In all, a survey by the American Journalism Review published in the spring of 2009 found that more than 50 newspapers and news companies nationwide had at that point stopped covering their statehouses entirely since 2003. They include the Anniston (AL) Star, the East Valley (AZ) Tribune, the Stockton (CA) Record, the Bakersfield Californian, Copley News Service (CA), Lehman Newspapers (CO), the Daily Camera (CO), the New Haven (CT) Register, the Pocatello Idaho State Journal, the Nampa Idaho Press-Tribune, the Rockford (IL) Register, the Bloomington (IL) Pantagraph, the Champaign (IL) News-Gazette, Gannett Company Inc. (IN), the Covington Kentucky Post, Community Newspaper Company (MA), the Lawrence (MA) Eagle Tribune, the Pontiac (MI) Oakland Press, the Duluth (MN) News Tribune, the St. Cloud (MN) Times, the Mankato (MN) Free Press, the Cape Girardeau Southeast Missourian, Foster’s Daily Democrat (NH), the Trenton (NJ) Times, the Trentonian (NJ), the Staten Island (NY) Advance, the Schenectady (NY) Daily Gazette, Ottaway News Service (NY), the Troy (NY) Record, the Jamestown (NY) Post Journal, the Durham (NC) Herald-Sun, the Wilmington (NC) Star News, the Grand Forks (ND) Herald, the Minot (ND) Daily News, Gannett Company Inc. (OH), GateHouse Media (OH), Community Newspaper Holdings Inc. (OK), the York (PA) Daily Record, Ottaway News Service (PA), Calkins Media (PA), the Wilkes-Barre (PA) Times Leader, the Myrtle Beach (SC) Sun News, McClatchy Newspapers (SC), the Charlotte (NC) Observer, the Argus (SD) Leader, the Rapid City (SD) Journal, Scripps Newspapers (TX), Valley Freedom Newspapers (TX), the Danville (VA) Register Bee, the Morgantown (WV) Dominion Post, and Lee Enterprises Inc. (WI).
Recent efforts to fill these gaps have come largely from the nonprofit sector. For example, the web-based Texas Tribune, California Watch, and NJ Spotlight, which are financed largely by foundations, provide substantial coverage of their respective statehouses. The Associated Press has made a commitment to keep at least one reporter in each statehouse. State government spending has increased. But the number of reporters covering it has plummeted.
“Information Needs of Communities,” page 46:
Perhaps the most infamous and instructive case is in Bell, California. For years, residents of Bell, population 37,000, wondered how their town officials managed to live like the rich and famous. Bell is a working-class, largely immigrant suburb of Los Angeles with a median household income of around $30,000. But the town manager, Robert Rizzo, owned a mansion by the beach and a 10-acre horse ranch outside Seattle.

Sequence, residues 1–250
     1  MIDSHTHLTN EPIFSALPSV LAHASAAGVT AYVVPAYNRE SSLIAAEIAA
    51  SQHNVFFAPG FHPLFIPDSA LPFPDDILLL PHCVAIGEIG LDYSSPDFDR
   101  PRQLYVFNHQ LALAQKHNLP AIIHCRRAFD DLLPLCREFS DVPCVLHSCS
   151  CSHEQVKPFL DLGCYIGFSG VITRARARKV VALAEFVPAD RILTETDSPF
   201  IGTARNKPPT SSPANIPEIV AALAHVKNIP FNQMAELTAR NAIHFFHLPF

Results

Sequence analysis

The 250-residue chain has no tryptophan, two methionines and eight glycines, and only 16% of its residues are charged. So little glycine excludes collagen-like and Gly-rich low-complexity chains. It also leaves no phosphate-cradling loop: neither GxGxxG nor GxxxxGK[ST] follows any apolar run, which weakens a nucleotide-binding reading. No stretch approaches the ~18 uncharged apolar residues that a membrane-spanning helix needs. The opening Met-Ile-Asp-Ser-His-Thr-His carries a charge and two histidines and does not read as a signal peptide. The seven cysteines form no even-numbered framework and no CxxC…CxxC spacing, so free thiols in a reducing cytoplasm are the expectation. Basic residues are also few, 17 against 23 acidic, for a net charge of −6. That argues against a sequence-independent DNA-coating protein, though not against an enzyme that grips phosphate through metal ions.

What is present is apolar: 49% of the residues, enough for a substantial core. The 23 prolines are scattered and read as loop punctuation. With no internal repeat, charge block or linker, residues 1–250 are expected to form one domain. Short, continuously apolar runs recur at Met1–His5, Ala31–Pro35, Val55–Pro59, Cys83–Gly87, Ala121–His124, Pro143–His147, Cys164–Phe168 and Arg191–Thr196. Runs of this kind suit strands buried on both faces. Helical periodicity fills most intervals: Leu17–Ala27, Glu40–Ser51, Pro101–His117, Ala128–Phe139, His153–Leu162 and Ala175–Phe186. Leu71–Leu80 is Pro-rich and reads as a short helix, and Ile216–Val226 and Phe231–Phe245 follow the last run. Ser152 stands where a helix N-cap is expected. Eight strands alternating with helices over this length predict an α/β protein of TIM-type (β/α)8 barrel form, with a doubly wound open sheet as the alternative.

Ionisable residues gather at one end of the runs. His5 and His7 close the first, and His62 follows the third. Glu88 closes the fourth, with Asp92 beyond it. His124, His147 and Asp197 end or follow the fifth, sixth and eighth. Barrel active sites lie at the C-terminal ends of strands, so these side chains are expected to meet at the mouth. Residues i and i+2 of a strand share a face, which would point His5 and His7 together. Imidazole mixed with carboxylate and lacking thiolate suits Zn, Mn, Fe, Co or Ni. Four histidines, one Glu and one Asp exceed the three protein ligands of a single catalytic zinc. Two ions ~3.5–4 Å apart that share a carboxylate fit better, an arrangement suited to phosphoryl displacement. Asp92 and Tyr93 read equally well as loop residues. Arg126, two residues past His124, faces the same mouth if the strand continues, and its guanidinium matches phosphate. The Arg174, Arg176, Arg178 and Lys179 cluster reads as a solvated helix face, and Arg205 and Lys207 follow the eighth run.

“For a long time there’s been evidence that they were paying themselves big salaries,” says Christina Garcia, a community activist and teacher, “but no one knew how much.” In July 2010, Los Angeles Times reporters gave Garcia and the rest of the country a shocking answer: Rizzo was earning $787,637 a year. The police chief, Randy Adams, was earning $457,000—about 50 percent more than the Los Angeles police chief or county sheriff, and more than the president of the United States.
In 1993, when council members hired Rizzo to be interim chief administrative officer, his starting salary was $72,000.110 By September 2004, he was drawing down $300,000 annually. Ten months later, his salary jumped an additional 47 percent to $442,000.112 Rizzo’s large and regular raises continued until the L.A. Times wrote about Bell, at which point the city council ordered a staff report on city salaries. In September 2010, the Los Angeles County district attorney filed charges against eight Bell officials, alleging that they stole $5.5 million in public funds. Rizzo was charged with 53 felony counts, 44 of which pertain to misappropriation of Bell’s municipal coffers.
Why did it take so long for the financial scandal to be exposed? “A lot of residents tried to get the media’s attention, but it was impossible,” Garcia says. “The city of Bell doesn’t even have a local paper; no local media of any sort.”